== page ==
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Year : 2022  |  Volume : 19  |  Issue : 1  |  Page : 76-80

Thyroid Function Disorders in Patients with Chronic Kidney Disease

1 Department of Internal Medicine, College of Medicine, HMU, Erbil, Iraq
2 Department of Basic Sciences, College of Medicine, HMU, Erbil, Iraq

Correspondence Address:
Hussein Yousif Sinjari
Department of Internal Medicine, College of Medicine, HMU, Erbil
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Source of Support: None, Conflict of Interest: None

DOI: 10.4103/MJBL.MJBL_93_21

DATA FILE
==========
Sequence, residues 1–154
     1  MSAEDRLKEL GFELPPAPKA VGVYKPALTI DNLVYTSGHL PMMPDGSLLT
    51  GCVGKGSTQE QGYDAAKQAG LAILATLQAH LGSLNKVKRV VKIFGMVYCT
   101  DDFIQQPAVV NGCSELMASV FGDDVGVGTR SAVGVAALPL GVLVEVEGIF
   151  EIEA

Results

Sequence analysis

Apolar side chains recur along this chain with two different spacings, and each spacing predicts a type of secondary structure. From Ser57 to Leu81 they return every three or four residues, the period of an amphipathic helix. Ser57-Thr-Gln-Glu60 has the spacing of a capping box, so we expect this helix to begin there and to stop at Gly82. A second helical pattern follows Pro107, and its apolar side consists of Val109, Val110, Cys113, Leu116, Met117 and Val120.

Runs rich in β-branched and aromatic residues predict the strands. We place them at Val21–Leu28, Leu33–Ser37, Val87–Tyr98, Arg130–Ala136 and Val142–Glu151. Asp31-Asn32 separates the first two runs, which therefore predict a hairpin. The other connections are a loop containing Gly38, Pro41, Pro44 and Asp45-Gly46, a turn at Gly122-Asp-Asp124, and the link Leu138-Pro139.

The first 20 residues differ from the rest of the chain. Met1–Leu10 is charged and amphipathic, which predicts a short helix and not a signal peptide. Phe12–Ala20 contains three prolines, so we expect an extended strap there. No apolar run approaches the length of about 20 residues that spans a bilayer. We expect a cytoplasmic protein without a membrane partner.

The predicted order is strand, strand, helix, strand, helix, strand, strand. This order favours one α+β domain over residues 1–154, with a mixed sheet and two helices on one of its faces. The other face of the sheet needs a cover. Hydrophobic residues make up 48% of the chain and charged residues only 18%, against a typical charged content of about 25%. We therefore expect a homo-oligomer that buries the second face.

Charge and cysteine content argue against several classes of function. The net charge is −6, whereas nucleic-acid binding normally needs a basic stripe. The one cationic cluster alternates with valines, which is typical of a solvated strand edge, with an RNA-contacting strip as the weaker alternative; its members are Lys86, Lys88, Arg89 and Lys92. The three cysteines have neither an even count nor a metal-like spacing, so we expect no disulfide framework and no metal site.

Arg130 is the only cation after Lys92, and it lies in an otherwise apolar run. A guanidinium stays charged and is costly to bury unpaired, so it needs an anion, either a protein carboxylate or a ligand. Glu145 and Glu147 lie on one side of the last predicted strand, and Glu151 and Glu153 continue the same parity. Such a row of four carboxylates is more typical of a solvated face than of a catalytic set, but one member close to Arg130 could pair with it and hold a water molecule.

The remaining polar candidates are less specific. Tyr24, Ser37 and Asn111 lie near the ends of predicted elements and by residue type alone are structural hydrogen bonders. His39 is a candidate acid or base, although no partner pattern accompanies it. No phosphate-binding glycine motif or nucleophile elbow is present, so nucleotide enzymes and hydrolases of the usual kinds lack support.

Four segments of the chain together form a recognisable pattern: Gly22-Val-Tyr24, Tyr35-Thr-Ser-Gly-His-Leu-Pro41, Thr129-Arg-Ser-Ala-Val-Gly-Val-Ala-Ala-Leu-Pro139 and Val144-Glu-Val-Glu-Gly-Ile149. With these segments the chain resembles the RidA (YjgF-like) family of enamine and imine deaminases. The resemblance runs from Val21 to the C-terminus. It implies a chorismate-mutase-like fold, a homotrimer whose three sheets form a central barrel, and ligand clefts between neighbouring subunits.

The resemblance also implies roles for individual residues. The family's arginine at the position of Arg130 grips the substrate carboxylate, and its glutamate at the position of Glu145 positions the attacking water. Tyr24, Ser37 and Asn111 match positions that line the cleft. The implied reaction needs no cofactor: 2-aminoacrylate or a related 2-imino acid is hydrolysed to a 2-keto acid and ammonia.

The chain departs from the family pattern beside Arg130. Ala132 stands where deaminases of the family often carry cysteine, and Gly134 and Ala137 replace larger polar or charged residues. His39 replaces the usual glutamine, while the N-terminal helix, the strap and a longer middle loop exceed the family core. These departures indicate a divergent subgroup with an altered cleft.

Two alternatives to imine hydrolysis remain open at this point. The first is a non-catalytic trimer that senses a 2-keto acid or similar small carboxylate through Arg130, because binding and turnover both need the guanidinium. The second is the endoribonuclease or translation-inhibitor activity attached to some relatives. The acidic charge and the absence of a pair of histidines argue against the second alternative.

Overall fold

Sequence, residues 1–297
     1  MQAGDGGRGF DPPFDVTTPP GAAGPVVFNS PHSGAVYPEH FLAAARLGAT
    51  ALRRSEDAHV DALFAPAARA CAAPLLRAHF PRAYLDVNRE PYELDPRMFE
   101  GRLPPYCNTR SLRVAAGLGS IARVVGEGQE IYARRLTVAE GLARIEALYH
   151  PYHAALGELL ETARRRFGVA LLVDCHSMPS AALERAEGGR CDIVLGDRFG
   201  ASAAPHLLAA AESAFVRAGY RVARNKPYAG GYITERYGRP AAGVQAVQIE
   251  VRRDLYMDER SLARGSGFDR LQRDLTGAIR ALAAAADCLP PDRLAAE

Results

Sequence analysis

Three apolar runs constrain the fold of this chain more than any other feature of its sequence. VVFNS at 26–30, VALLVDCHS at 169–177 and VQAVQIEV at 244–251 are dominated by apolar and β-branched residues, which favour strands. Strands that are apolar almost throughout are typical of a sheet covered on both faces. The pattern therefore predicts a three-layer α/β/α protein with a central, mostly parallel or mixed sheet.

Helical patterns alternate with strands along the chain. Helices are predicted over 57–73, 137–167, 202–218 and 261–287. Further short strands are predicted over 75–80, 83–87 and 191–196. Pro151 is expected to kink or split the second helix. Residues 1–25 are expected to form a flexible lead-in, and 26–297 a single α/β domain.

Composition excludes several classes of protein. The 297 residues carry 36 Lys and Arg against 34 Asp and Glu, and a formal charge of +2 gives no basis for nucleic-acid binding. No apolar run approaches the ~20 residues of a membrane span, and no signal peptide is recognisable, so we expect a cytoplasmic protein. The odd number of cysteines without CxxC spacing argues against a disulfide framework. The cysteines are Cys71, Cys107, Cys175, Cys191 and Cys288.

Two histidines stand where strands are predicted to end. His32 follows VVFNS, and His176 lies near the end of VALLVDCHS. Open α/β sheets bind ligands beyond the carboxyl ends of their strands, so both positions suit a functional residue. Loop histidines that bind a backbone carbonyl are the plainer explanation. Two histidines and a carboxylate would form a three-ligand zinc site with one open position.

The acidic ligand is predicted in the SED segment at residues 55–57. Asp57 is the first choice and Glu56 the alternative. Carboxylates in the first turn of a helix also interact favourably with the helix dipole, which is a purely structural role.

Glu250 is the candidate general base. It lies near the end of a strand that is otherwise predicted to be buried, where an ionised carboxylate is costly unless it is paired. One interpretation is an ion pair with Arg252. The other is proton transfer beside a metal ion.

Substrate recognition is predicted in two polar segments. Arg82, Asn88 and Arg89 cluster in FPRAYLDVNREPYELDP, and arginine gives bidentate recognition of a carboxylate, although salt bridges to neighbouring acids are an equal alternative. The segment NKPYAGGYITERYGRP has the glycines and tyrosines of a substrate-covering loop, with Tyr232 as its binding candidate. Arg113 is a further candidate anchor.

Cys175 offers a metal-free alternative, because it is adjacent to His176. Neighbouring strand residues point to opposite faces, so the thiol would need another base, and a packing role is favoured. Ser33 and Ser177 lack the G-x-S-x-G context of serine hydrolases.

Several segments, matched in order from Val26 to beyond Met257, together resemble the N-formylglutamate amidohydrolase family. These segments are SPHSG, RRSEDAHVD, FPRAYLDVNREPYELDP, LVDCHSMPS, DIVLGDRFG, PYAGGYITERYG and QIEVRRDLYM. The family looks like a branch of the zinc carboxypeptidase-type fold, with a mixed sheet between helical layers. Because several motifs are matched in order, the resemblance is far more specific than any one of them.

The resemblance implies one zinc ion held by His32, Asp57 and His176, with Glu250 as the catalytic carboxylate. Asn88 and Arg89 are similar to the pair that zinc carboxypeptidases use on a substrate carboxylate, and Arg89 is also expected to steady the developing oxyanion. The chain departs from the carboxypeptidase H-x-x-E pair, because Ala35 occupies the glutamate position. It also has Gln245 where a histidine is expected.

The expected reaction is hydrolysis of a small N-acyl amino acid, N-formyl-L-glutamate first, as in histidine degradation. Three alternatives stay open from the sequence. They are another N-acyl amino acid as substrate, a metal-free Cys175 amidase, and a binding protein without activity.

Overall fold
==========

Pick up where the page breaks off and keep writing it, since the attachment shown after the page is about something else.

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Background: Various thyroid functional test abnormalities are commonly observed in chronic kidney disease (CKD) due to alterations in thyroid hormone synthesis, metabolism, and regulation. Objectives: The study aims at investigating the prevalence of thyroid function disorders in patients with CKD and its association with the degree of renal failure. Methods: A cross-sectional study was performed on patients with CKD, at the Nephrology unit, Hawler Teaching Hospital, Erbil, Iraq from 1 July 2020 to 31 December 2020. Demographic features such as age, sex, and body mass index (BMI) were recorded; blood tests were done, including serum-free triiodothyronine (FT3), free thyroxin (FT4), thyrotropin (TSH), and creatinine. The CKD-EPI (epidemiological) equation was used to estimate glomerular filtration rate (eGFR).The participants were classified according to their thyroid function, age, BMI, and eGFR. The association of thyroid dysfunction with gender, age, BMI, and eGFR was studied. Results: A total of 104 patients with CKD enrolled in the current study: Half of them were on conservative treatment, and the other half were on a chronic hemodialysis (HD) program. Fifty four (51.9%) of them were male, mean age was 53.99 ± 14.59 years, mean BMI was 25.19 ± 3.14 kg/m2, and most of them (63.5%) were overweight. According to eGFR classification, most of the participants (70.2%) were at stage 5 CKD, 20.2% at stage 4, and 9.6% at stage 3. From the study population, it was observed that 34 out of 104 (32.7%) participants presented with thyroid function disorders. Among them, 22 (21.2%) patients presented with subclinical hypothyroidism, seven (6.7%) had overt hypothyroidism, three (2.9%) hyperthyroidism, and two (1.9%) subclinical hyperthyroidism. Hypothyroidism (clinical and subclinical) was positively associated with increasing age and advanced CKD. Conclusion: Thyroid function disorders are common among patients with CKD. Hypothyroidism, the most prevalent one, was positively associated with increasing age, low eGFR, and in patients on HD therapy.

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